Cardiogenic shock and mechanical circulatory support

When cardiogenic shock complicates SCAD, mechanical circulatory support should be considered as for non-SCAD ACS patients, according to international guidelines and consensus statements.18,19,33 Although there have been a few case reports suggesting that intra-aortic balloon pumps and extracorporeal membrane oxygenation are safe to use,6 caution is advised given the need for large-bore arterial access and the high incidence of concomitant arteriopathies in SCAD patients, including iliofemoral aneurysms, dissections and tortuosity.

Pregnancy-associated spontaneous coronary artery dissection

Pregnancy-associated SCAD accounts for less than 10% of SCAD diagnoses, but SCAD represents about 50% of all acute coronary syndromes in pregnant women.13,14 Compared to other SCAD patients, LM and proximal vessel involvement are more common, and a more severe clinical course and worse outcomes have been reported. A high level of suspicion should be present, and the diagnostic approach should include coronary angiography, as the substantial maternal morbidity rates outweigh the risk of fetal radiation exposure when proper shielding measures are taken.7

As for other SCAD patients, a conservative approach should be the default, and PCI or CABG should only be considered in the previously mentioned settings. Drug safety during pregnancy and breastfeeding is also a major concern, and international guidelines should be followed.14 Positive safety data on low-dose aspirin and beta-blockers (preferably beta-1-selective drugs, as they are less likely to affect uterine contraction and fetal growth) make them the mainstay of therapy in SCAD. Clopidogrel should be confined to PCI-treated patients and for the shortest duration possible. Breastfeeding is not recommended in mothers taking antiplatelet agents other than low-dose aspirin. Also, there are no safety data available for other P2Y12 or GP IIb/IIIa inhibitors. Low molecular weight or unfractionated heparin can be used until coronary angiography is performed (preferably the latter, if prompt delivery is warranted); however, anticoagulation may be omitted if there is a high degree of suspicion for SCAD. Verapamil, diltiazem and nitrates can be used with caution as antianginal alternatives.34 Other commonly used drugs after ACS, including ACEIs, ARBs, MRAs and statins, are contraindicated during pregnancy and breastfeeding.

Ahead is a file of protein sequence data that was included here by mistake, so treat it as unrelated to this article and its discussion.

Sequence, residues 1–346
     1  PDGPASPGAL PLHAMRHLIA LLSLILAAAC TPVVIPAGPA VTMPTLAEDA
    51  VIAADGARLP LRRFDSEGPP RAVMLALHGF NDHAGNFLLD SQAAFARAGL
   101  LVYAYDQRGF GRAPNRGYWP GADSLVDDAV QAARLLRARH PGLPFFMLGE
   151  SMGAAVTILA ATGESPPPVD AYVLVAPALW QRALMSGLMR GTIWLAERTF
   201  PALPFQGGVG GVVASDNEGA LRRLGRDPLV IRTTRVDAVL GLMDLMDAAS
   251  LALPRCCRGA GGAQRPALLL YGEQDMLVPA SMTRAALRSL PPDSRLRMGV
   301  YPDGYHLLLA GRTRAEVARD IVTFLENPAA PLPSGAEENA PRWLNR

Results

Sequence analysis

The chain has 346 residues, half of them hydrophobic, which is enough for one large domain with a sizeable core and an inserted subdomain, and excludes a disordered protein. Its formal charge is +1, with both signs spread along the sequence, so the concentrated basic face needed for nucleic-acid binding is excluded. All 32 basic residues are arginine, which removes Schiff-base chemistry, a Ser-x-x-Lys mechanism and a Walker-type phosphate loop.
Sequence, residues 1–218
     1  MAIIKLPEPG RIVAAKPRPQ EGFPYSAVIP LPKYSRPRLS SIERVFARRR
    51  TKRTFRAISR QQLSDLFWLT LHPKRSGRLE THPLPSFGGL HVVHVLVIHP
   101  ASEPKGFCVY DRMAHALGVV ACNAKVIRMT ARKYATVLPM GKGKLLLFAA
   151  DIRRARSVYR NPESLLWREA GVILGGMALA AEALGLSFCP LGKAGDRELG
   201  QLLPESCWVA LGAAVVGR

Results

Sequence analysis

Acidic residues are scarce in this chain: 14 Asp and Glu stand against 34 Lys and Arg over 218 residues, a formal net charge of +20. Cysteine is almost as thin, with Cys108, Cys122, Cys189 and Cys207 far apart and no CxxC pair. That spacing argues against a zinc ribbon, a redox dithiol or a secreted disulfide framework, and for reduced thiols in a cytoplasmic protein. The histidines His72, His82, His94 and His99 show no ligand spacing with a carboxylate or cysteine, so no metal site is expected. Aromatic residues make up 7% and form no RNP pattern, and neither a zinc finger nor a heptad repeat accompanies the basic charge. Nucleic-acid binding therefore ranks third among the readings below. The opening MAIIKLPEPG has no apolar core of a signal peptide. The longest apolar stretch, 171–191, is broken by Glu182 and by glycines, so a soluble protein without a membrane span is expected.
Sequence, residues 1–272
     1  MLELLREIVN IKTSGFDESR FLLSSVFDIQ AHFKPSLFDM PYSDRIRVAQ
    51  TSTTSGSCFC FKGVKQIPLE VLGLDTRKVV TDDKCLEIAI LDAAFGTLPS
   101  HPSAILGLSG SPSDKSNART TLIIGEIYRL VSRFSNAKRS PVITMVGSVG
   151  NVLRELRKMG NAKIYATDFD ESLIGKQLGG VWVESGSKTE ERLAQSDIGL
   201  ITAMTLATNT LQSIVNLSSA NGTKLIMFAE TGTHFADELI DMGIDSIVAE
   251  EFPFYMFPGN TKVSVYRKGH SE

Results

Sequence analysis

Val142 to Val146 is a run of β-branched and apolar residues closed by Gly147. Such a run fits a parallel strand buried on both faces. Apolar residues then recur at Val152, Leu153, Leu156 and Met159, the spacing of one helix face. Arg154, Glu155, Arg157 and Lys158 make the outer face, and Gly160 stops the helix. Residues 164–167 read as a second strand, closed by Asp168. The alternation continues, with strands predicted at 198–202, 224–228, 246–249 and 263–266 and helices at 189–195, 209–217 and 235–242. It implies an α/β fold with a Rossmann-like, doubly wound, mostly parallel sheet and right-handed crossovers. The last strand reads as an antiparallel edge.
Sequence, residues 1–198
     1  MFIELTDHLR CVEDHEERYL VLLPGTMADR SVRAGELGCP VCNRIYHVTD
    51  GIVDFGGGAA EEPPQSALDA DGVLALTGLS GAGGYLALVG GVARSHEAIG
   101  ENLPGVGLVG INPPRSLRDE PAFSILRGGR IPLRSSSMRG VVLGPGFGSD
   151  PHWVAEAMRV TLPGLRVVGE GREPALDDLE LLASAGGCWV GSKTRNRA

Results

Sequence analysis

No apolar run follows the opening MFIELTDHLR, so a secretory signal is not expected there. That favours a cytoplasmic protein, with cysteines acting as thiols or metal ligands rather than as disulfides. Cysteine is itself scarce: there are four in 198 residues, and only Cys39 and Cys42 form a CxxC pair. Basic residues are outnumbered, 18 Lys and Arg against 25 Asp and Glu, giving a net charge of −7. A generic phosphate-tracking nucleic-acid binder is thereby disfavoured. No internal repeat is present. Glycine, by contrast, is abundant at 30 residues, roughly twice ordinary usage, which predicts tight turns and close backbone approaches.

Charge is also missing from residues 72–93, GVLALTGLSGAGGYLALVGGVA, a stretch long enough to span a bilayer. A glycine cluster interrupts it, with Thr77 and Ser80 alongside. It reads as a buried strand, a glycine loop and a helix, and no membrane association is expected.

Hospital admission

Admission to intensive care or to a ward with cardiac telemetry should be chosen according to clinical status. Postponing discharge until day 5–7 is usually recommended,3,15 as propagation of IMH and additional vessel dissection most often occur in the first few days in conservatively treated patients.30 This strategy allows for management of chest pain and recurrent ischemia, optimization of antianginal drugs and non-invasive ischemia testing as needed.

If the patient is stable and symptom-free, repeat coronary angiography to confirm healing is unnecessary, as angiographic healing is time-dependent, and 95% of conservatively managed patients show spontaneous recovery at 30 days post-SCAD.22 If chest pain recurs, the decision to perform early repeat coronary angiography should consider not only symptoms but also an electrocardiogram and measurement of biomarkers as for the initial ACS diagnosis. Pain may arise not from myocardial ischemia but from vessel injury and healing, and further coronary manipulation could result in additional iatrogenic vessel damage.1 SCAD extension may still be amenable to PCI or CABG; on the other hand, if repeat coronary angiography shows angiographic healing, defined as improvement of stenosis severity from the index event plus residual stenosis <50% plus TIMI flow grade 3,22 further investigation for alternative causes of chest pain should be performed.

LV function should be assessed by echocardiography, while CMR can play a role in the differential diagnosis if there is uncertainty after the index coronary angiography. The overlapping characteristics of SCAD and Takotsubo cardiomyopathy should be borne in mind, as both predominantly affect women, can be related to an emotional trigger, and may present with apical regional wall motion abnormalities,35 given the frequent LAD involvement in SCAD. A late gadolinium enhancement pattern suggestive of infarction in a coronary territory might help to differentiate the two, but a normal CMR does not reliably exclude SCAD.7

Standard prescription at discharge should include aspirin and a beta-blocker, adding a second antiplatelet agent for at least one month in conservatively managed patients and for 12 months in PCI-treated patients. ACEI, ARB, MRA and statin prescription should be tailored to LV function, cardiovascular risk and pregnancy status.

Follow-up consultations

Follow-up consultations should aim at preventing recurrence, planning medication discontinuation, managing chest pain and investigating SCAD-associated conditions.

Recurrent SCAD (defined as de novo spontaneous dissection with new recurrent ACS, which does not involve extension of dissection of the original SCAD lesion21) has been reported following the index SCAD event in up to 12–27% of cases (depending on follow-up duration),3,7 and accounts for the majority of recurrent MI events in this population. While emotional and physical triggers are commonly identified during the index admission, preventing both type of stimuli could prove unsuccessful and even deleterious for mental and physical health. Referral for cardiac rehabilitation programs is safe and recommended,6 while extreme endurance training, carrying heavy objects or efforts that require prolonged Valsalva maneuvers should be avoided.7